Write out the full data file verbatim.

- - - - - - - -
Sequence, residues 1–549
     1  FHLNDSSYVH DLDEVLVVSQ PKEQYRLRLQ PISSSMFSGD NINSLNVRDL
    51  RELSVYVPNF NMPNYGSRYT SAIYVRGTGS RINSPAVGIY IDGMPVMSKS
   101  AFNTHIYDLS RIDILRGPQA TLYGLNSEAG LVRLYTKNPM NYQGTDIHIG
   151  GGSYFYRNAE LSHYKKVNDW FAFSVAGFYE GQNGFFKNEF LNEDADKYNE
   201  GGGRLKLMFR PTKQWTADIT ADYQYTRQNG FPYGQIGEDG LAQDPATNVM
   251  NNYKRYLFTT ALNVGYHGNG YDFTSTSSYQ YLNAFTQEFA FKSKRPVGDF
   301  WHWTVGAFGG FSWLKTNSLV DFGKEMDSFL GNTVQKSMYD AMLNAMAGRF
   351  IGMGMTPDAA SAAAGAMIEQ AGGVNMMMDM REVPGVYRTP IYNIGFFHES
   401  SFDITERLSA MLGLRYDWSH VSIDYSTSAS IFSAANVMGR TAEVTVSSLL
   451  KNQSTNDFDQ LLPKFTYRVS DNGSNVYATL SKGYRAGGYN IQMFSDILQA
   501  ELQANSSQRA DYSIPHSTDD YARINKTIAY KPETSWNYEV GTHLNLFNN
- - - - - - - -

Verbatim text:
Sequence, residues 1–549
     1  FHLNDSSYVH DLDEVLVVSQ PKEQYRLRLQ PISSSMFSGD NINSLNVRDL
    51  RELSVYVPNF NMPNYGSRYT SAIYVRGTGS RINSPAVGIY IDGMPVMSKS
   101  AFNTHIYDLS RIDILRGPQA TLYGLNSEAG LVRLYTKNPM NYQGTDIHIG
   151  GGSYFYRNAE LSHYKKVNDW FAFSVAGFYE GQNGFFKNEF LNEDADKYNE
   201  GGGRLKLMFR PTKQWTADIT ADYQYTRQNG FPYGQIGEDG LAQDPATNVM
   251  NNYKRYLFTT ALNVGYHGNG YDFTSTSSYQ YLNAFTQEFA FKSKRPVGDF
   301  WHWTVGAFGG FSWLKTNSLV DFGKEMDSFL GNTVQKSMYD AMLNAMAGRF
   351  IGMGMTPDAA SAAAGAMIEQ AGGVNMMMDM REVPGVYRTP IYNIGFFHES
   401  SFDITERLSA MLGLRYDWSH VSIDYSTSAS IFSAANVMGR TAEVTVSSLL
   451  KNQSTNDFDQ LLPKFTYRVS DNGSNVYATL SKGYRAGGYN IQMFSDILQA
   501  ELQANSSQRA DYSIPHSTDD YARINKTIAY KPETSWNYEV GTHLNLFNN